It's easy to say Ben Platt is what's wrong with this movie adaptation, but that isn't completely true. My issue is what the film does to the other characters. In the musical we learn about how Evan's actions, affect the cast of supporting characters. However these have been minimised or altogether erased in the movie version. This not only eradicates what gives the musical so much heart, it makes it that much harder to sympathise with Evan as a character. The musical allows us to forgive Evan for his questionable choices, the movie does not. While Evan's actions splits opinion among theatregoers, the show carries with it a lot of heart. This adaptation feels entirely soulless.


The roles of Evan's mother and both of Connor's parents are significantly reduced, with the role of Connor's dad inexplicably changed to now be his stepfather. We lose some pivotal scenes with all three of those characters, though Connor's parents thankfully still get their own heartbreaking moment in 'Requiem'. The relatively underwritten role of Alana from the stage production has supposedly been rewritten, giving her a new song with the fantastic 'The Anonymous Ones'. However, her friendship with Evan feels inauthentic, with key bits of dialogue she has in the show being completely erased. Most unforgivably at all though is what they have done to Connor. They had a great opportunity to build on his character, perhaps even using some of his backstory in the brilliant book adaptation. Instead, they completely minimise him, removing his pivotal song 'Disappear' which ironically makes him all but disappear. While his new song 'A Little Closer' is a nice touch, it shows a serious lack of understanding from all involved in this movie.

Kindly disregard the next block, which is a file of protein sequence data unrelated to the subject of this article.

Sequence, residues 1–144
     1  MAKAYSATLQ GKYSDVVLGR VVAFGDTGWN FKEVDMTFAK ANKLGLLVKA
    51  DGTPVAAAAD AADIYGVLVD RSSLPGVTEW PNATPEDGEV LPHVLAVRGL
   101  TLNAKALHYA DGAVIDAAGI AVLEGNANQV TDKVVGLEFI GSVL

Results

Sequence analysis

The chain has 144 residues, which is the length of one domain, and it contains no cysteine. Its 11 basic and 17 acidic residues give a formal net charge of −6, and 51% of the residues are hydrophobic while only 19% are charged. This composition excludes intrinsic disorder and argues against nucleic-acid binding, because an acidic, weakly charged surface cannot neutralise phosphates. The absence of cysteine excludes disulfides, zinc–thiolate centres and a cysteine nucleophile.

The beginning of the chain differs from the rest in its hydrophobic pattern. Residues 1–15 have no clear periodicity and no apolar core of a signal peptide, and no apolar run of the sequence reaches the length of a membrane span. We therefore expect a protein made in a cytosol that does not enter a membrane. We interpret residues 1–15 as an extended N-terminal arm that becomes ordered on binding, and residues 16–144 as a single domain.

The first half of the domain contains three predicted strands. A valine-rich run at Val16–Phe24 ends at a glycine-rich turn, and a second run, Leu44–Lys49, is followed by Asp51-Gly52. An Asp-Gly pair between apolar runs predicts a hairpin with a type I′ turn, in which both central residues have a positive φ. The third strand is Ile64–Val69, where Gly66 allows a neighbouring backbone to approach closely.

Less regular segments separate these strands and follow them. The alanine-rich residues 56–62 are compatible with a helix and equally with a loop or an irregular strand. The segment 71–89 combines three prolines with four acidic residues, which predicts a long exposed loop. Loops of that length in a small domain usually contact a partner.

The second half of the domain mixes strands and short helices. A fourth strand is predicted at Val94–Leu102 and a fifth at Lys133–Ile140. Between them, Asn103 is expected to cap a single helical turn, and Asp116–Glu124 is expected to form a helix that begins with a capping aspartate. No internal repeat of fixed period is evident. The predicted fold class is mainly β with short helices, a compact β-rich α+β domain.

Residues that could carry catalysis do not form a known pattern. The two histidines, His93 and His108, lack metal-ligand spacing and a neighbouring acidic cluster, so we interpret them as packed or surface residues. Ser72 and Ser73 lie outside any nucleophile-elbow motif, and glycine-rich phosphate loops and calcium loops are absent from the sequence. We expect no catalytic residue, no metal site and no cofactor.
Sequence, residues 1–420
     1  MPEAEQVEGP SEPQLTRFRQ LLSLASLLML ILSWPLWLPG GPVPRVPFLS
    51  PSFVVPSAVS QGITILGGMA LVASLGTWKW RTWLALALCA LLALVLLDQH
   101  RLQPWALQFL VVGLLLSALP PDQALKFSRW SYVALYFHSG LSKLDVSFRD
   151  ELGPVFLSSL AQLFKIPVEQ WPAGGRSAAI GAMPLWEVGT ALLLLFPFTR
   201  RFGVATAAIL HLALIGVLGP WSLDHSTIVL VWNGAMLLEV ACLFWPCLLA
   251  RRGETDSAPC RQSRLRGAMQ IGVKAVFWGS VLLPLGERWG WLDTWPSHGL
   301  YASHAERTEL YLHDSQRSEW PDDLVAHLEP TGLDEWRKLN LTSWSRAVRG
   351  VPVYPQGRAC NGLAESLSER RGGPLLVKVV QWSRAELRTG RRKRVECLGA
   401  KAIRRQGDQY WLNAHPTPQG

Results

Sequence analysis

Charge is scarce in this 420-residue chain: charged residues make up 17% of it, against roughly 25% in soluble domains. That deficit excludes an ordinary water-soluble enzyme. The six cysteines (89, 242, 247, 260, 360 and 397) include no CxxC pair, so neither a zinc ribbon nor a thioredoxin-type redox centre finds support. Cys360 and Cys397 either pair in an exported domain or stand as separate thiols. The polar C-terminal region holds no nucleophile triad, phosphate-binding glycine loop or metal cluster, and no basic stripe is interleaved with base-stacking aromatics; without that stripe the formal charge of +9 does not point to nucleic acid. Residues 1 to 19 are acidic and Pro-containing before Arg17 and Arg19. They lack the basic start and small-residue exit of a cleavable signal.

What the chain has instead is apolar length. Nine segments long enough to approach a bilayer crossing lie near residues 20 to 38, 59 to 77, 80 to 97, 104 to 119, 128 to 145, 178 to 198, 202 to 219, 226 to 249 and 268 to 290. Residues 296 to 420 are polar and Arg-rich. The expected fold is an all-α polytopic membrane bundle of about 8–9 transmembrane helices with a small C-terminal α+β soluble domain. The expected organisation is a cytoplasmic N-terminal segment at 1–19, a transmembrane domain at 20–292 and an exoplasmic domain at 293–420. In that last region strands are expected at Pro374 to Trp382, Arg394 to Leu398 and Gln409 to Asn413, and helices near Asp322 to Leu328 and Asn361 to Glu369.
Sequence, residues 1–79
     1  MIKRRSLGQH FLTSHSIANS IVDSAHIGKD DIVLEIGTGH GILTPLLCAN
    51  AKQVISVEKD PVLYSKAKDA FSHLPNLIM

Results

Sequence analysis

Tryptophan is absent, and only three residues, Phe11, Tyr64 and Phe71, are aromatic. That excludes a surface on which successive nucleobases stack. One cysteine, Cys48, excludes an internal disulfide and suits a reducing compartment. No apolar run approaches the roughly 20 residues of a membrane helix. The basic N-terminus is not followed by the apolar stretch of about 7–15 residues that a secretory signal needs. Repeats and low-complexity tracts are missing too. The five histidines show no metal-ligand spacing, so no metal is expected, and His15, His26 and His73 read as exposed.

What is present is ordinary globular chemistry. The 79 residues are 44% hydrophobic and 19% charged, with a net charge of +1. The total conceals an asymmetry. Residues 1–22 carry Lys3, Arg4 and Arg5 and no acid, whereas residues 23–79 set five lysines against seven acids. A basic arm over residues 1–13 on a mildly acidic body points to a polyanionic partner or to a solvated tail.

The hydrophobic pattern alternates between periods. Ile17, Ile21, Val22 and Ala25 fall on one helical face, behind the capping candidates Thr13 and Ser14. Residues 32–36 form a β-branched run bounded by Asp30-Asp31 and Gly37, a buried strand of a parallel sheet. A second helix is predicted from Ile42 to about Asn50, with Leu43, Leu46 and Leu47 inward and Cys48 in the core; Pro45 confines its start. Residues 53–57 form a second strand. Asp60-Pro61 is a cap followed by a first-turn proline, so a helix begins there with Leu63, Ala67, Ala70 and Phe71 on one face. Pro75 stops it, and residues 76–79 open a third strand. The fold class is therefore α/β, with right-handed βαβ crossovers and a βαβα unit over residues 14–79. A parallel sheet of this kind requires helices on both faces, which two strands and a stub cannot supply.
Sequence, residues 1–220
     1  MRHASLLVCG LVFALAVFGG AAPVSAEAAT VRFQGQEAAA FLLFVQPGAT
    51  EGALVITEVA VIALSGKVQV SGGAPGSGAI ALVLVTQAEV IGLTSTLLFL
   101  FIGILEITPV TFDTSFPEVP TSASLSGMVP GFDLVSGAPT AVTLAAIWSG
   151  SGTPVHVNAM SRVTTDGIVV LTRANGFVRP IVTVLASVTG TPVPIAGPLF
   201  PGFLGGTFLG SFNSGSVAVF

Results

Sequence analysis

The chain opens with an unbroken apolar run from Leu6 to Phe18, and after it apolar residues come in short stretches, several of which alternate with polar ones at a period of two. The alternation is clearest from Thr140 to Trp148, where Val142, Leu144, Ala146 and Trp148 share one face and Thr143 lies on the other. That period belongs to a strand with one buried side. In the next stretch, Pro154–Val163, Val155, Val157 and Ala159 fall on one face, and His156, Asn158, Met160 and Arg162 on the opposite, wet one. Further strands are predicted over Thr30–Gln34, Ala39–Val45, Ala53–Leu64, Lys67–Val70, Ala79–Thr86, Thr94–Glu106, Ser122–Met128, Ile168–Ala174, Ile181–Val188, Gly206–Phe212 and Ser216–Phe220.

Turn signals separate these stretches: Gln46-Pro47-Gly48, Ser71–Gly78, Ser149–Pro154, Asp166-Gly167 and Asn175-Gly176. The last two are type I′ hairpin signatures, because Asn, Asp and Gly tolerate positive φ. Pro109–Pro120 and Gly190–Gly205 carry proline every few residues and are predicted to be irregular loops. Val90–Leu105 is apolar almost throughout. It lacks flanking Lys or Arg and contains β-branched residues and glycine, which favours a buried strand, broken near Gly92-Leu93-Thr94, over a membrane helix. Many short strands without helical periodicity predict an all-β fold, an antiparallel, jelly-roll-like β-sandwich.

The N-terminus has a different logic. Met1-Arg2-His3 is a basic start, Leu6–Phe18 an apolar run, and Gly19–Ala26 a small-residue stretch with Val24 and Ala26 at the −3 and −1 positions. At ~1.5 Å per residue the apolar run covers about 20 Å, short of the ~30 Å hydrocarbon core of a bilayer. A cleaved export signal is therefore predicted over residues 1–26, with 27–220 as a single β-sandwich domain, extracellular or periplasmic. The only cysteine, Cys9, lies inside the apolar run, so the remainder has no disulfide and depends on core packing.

In terms of the cast, some incredible actors have been assembled for this, and they do the best they can with the source material. Amy Adams is as awe-inspiring as ever, albeit far too underused as Cynthia Murphy, while Julianne Moore gives an emotional turn as Evan's mother Heidi, though the less said about her singing, the better. Kairlyn Dever is wonderful as Zoe, one of the only characters whose story is left relatively intact, while Amandla Stenberg does the best she can with a challenging character who often feels like an afterthought.


One of the elements that has made the stage show so beloved among many is its amazing songs, written by the supremely talented Pasek & Paul. A few of the shows most enduring numbers have sadly been cut while two new ones have been added. As for the remaining songs, they are all sung beautifully by the incredibly talented cast. However, the way the songs are performed on screen is far more varied. 'For Forever', 'Requiem' and 'Only Us' have decent enough sequences, 'Waving Through A Window' manages to make one of the shows most famous numbers underwhelming while 'Sincerely, Me' goes from being a standout moment in the show to a cringefest on screen. Whoever deided to change the iconic choreography needs to rethink their career choice.